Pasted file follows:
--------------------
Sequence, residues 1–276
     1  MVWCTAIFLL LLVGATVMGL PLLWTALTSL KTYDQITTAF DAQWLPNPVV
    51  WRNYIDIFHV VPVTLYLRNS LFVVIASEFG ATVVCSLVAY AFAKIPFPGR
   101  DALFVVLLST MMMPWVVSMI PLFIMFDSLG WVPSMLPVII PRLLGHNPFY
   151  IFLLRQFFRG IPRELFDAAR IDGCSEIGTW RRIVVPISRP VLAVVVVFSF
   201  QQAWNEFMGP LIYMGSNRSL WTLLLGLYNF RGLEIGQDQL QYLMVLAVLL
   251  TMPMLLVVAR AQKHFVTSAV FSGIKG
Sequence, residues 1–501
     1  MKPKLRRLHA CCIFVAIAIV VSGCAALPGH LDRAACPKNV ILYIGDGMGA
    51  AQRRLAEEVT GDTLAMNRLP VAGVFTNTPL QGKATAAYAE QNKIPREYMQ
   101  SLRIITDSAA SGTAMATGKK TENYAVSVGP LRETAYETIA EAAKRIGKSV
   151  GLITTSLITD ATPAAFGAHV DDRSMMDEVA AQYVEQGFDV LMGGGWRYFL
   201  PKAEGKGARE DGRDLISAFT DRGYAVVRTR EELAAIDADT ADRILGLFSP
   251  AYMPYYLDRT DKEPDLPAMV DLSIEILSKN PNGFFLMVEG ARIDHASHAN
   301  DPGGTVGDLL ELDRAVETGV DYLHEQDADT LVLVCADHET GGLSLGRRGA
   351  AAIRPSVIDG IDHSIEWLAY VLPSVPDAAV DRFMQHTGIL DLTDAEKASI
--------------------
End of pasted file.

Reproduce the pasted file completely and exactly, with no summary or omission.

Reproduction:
Sequence, residues 1–276
     1  MVWCTAIFLL LLVGATVMGL PLLWTALTSL KTYDQITTAF DAQWLPNPVV
    51  WRNYIDIFHV VPVTLYLRNS LFVVIASEFG ATVVCSLVAY AFAKIPFPGR
   101  DALFVVLLST MMMPWVVSMI PLFIMFDSLG WVPSMLPVII PRLLGHNPFY
   151  IFLLRQFFRG IPRELFDAAR IDGCSEIGTW RRIVVPISRP VLAVVVVFSF
   201  QQAWNEFMGP LIYMGSNRSL WTLLLGLYNF RGLEIGQDQL QYLMVLAVLL
   251  TMPMLLVVAR AQKHFVTSAV FSGIKG
Sequence, residues 1–501
     1  MKPKLRRLHA CCIFVAIAIV VSGCAALPGH LDRAACPKNV ILYIGDGMGA
    51  AQRRLAEEVT GDTLAMNRLP VAGVFTNTPL QGKATAAYAE QNKIPREYMQ
   101  SLRIITDSAA SGTAMATGKK TENYAVSVGP LRETAYETIA EAAKRIGKSV
   151  GLITTSLITD ATPAAFGAHV DDRSMMDEVA AQYVEQGFDV LMGGGWRYFL
   201  PKAEGKGARE DGRDLISAFT DRGYAVVRTR EELAAIDADT ADRILGLFSP
   251  AYMPYYLDRT DKEPDLPAMV DLSIEILSKN PNGFFLMVEG ARIDHASHAN
   301  DPGGTVGDLL ELDRAVETGV DYLHEQDADT LVLVCADHET GGLSLGRRGA
   351  AAIRPSVIDG IDHSIEWLAY VLPSVPDAAV DRFMQHTGIL DLTDAEKASI